The objective is to determine if muscle MRI is useful for assessing neuropathy severity. Clinical, MRI and electromyography (EMG) examinations were performed in 17 patients with focal lower limb neuropathies. MRI Short Tau Inversion Recovery (STIR) signal intensity, amyotrophy, and muscle fatty infiltration measured after T1-weighted image acquisition, EMG spontaneous activity (SA), and maximal voluntary contraction (MVC) were graded using semiquantitative scores and quantitative scores for STIR signal intensity and were correlated to the Medical Research Council (MRC) score for testing muscle strength. Within this population, subgroups were selected according to severity (mild versus severe), duration (subacute versus chronic), and topography (distal versus proximal) of the neuropathy. EMG SA and MVC MRI amyotrophy and quantitative scoring of muscle STIR intensity were correlated with the MRC score. Moreover, MRI amyotrophy was significantly increased in severe, chronic, and proximal neuropathies along with fatty infiltration in chronic lesions. Muscle MRI atrophy and quantitative evaluation of signal intensity were correlated to MRC score in our study. Semiquantitative evaluation of muscle STIR signal was sensitive enough for detection of topography of the nerve lesion but was not suitable to assess severity. Muscle MRI could support EMG in chronic and proximal neuropathy, which showed poor sensitivity in these patients.

  3. [CD22 signal abnormalities in the pathogenesis of immune related pancytopenia].

    PubMed

    Wu, Xiaojing; Shao, Zonghong; Ruan, Erbao; Fu, Rong; Wang, Guojin; Liu, Hong; Wu, Yuhong; Song, Jia; Xing, Limin; Qu, Wen; Cuan, Jing; Li, Lijuan; Wang, Xiaoming; Liu, Hui; Wang, Yihao; Wang, Huaquan

    2015-07-14

    To investigate the expression of CD22 and its downstream signal molecule spleen tyrosine kinase (SYK) and their phosphorylation of B lymphocytes in patients with immune related pancytopenia(IRP), and to explore the role of CD22 in pathogenesis of IRP. The expression of CD22, SYK and their phosphorylation, along with the expression of IgG and IgM, which obtained from B lymphocytes in peripheral blood of 46 patients with IRP(22 new diagnosed and 24 remitted patients returned to normal after treatment), 22 healthy controls and 12 chronic lymphocytic leukemia(CLL) patients from February to December 2014 were analyzed by flow cytometry. And the mRNA expression of CD22 in peripheral blood mononuclear cell was determined by real-time quantitative PCR. The ratios of CD22+ cells and phosphorylated CD22(pCD22)+ cells of B lymphocytes in new diagnosed group (60. 03% ± 20. 94% 71. 32% ± 11. 16%) were significantly higher than those in remission group (46. 92% ± 20. 04%, 55. 82% ± 14. 42%), normal control group (46. 86% ± 17. 78%, 53. 28% ± 14. 76%) and CLL group (39. 74% ± 18. 96%, 59. 07% ± 17.09%) (all P <0.05). The ratios of phosphorylated SYK( pSYK) + cells in the four groups had the same trend (all P <0. 05). The ratio of pCD22+ cells/pSYK+ cells in new diagnosed group was significantly lower than that in normal control group and CLL group (27. 39 (5. 06 - 102. 70) vs 55. 95 (15. 25 - 298. 53), 56. 92(5. 60 - 228. 96), both P <0. 05), and pCD22+ cells positively correlated to pSYK+ cells ( r = 0. 341, P < 0. 05). The expression of IgG in new diagnosed group and remission group was significantly higher than that in normal control group, and the expression of IgM in new diagnosed group was significantly higher than that in normal control group and CLL group (all P <0. 05). The expression levels of CD22 mRNA in new diagnosed group was significantly higher than that in remission group, normal control group and CLL group (all P <0. 05). The BCR signal pathway of B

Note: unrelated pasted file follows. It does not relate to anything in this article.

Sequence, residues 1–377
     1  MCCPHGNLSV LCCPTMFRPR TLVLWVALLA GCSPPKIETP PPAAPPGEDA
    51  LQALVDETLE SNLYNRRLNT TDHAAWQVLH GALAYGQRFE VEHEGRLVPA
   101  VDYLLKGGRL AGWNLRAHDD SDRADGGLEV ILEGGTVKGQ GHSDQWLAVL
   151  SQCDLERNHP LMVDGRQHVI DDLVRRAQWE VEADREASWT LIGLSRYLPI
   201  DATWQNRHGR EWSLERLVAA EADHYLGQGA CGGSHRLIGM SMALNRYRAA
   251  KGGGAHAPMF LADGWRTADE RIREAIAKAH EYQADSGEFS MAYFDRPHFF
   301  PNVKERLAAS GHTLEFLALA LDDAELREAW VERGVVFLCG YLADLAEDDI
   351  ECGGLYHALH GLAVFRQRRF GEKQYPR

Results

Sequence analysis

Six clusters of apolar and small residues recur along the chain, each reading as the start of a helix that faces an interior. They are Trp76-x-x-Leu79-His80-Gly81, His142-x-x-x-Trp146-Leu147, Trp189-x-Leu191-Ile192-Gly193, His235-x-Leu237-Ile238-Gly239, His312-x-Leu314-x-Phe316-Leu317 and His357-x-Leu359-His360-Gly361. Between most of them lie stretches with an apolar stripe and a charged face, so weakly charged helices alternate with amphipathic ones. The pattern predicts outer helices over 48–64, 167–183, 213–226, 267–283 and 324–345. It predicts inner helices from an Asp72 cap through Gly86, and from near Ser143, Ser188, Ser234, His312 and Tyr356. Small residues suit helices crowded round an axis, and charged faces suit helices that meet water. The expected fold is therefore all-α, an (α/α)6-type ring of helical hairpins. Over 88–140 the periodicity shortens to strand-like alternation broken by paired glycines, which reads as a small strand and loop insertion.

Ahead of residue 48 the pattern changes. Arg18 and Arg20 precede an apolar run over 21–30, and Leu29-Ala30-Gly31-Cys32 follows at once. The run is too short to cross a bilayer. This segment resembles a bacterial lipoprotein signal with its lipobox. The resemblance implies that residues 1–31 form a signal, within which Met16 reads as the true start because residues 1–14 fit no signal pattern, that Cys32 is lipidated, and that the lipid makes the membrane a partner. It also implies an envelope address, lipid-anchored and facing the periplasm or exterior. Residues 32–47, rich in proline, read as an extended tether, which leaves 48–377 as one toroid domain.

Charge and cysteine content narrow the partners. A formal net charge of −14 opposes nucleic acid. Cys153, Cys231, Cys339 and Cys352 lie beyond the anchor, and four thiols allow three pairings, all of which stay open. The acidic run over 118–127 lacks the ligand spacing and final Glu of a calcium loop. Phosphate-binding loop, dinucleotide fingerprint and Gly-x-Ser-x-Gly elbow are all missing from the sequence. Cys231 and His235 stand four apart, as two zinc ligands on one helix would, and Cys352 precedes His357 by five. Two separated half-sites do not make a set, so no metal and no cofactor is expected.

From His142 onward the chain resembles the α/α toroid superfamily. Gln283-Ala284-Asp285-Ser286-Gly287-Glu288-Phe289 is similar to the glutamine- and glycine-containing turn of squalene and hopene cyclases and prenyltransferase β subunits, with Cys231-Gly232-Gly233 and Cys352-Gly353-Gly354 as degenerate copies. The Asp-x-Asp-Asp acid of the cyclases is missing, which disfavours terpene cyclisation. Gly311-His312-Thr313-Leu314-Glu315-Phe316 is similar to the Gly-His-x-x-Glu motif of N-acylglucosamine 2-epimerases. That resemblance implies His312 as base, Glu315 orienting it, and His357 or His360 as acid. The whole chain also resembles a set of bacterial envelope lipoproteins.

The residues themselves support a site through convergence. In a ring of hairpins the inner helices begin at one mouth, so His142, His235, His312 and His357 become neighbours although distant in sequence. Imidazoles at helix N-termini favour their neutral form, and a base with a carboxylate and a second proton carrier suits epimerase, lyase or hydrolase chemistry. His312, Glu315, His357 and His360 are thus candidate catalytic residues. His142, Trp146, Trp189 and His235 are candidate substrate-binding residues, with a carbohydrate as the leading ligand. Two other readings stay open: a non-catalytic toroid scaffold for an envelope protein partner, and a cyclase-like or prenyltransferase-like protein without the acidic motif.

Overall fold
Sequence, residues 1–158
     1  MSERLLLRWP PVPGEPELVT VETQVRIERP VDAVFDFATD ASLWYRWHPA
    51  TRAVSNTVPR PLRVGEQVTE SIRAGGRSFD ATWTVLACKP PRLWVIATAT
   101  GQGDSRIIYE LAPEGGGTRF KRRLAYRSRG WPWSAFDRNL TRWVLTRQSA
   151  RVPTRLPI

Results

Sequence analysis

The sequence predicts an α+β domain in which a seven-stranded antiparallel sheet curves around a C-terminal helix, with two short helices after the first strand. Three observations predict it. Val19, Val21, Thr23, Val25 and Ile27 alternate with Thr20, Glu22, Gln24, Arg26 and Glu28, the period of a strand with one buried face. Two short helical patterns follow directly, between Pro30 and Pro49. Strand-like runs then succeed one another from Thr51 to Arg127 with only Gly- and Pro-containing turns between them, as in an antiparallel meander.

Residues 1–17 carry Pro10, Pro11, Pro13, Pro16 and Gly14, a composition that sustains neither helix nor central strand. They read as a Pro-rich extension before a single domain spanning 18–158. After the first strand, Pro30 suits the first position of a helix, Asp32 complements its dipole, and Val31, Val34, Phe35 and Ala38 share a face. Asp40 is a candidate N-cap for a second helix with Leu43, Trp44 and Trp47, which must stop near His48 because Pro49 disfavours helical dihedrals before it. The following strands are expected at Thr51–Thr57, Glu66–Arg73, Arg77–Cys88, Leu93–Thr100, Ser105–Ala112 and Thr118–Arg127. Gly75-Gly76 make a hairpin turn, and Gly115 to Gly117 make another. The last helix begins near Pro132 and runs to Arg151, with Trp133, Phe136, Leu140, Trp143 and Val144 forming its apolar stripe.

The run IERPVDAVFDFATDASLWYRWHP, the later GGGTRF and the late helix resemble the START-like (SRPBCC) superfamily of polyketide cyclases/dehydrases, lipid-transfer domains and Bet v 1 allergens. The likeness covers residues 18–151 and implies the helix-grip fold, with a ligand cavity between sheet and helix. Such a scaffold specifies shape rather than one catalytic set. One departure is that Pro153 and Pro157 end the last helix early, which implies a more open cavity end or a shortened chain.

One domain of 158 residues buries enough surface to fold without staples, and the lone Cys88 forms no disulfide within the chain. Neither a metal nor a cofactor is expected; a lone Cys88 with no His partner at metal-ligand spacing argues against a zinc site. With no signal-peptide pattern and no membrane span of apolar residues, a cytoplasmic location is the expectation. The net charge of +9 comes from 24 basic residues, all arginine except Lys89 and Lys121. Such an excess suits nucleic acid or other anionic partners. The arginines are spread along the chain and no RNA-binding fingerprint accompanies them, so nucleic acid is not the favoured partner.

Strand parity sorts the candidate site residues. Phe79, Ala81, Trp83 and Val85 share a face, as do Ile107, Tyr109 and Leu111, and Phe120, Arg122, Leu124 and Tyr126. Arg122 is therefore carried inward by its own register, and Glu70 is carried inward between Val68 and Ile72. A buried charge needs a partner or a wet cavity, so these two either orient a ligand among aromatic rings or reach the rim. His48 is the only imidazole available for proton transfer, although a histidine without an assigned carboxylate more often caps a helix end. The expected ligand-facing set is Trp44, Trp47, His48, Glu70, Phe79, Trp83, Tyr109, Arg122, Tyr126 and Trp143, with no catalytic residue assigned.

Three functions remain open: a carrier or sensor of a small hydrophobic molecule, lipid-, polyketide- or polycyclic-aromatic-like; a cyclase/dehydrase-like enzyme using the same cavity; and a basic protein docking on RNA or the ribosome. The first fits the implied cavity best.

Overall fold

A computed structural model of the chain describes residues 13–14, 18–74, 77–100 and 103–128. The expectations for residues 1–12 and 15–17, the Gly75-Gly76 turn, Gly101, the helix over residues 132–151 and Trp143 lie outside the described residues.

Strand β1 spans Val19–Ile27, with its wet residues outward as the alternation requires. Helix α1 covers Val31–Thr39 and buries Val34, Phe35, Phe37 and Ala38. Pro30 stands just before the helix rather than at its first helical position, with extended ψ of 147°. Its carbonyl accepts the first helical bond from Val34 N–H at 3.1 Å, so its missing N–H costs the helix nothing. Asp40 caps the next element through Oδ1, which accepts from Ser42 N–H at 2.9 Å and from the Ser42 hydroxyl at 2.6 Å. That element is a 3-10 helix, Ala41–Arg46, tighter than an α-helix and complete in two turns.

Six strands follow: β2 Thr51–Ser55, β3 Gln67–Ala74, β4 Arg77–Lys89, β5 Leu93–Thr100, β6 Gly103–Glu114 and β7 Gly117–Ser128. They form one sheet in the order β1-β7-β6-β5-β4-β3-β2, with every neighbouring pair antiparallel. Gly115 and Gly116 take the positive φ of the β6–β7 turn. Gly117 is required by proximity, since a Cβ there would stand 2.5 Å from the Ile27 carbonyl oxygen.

4. Genetic and functional analyses demonstrate a role for abnormal glycinergic signaling in autism.

    PubMed

    Pilorge, M; Fassier, C; Le Corronc, H; Potey, A; Bai, J; De Gois, S; Delaby, E; Assouline, B; Guinchat, V; Devillard, F; Delorme, R; Nygren, G; Råstam, M; Meier, J C; Otani, S; Cheval, H; James, V M; Topf, M; Dear, T N; Gillberg, C; Leboyer, M; Giros, B; Gautron, S; Hazan, J; Harvey, R J; Legendre, P; Betancur, C

    2016-07-01